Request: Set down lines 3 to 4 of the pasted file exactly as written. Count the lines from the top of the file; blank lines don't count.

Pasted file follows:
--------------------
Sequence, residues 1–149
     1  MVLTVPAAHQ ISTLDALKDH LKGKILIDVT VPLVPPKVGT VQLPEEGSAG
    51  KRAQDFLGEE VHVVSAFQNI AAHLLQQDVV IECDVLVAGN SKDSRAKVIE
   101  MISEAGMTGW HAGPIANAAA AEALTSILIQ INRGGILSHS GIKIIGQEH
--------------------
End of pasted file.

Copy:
    51  KRAQDFLGEE VHVVSAFQNI AAHLLQQDVV IECDVLVAGN SKDSRAKVIE
   101  MISEAGMTGW HAGPIANAAA AEALTSILIQ INRGGILSHS GIKIIGQEH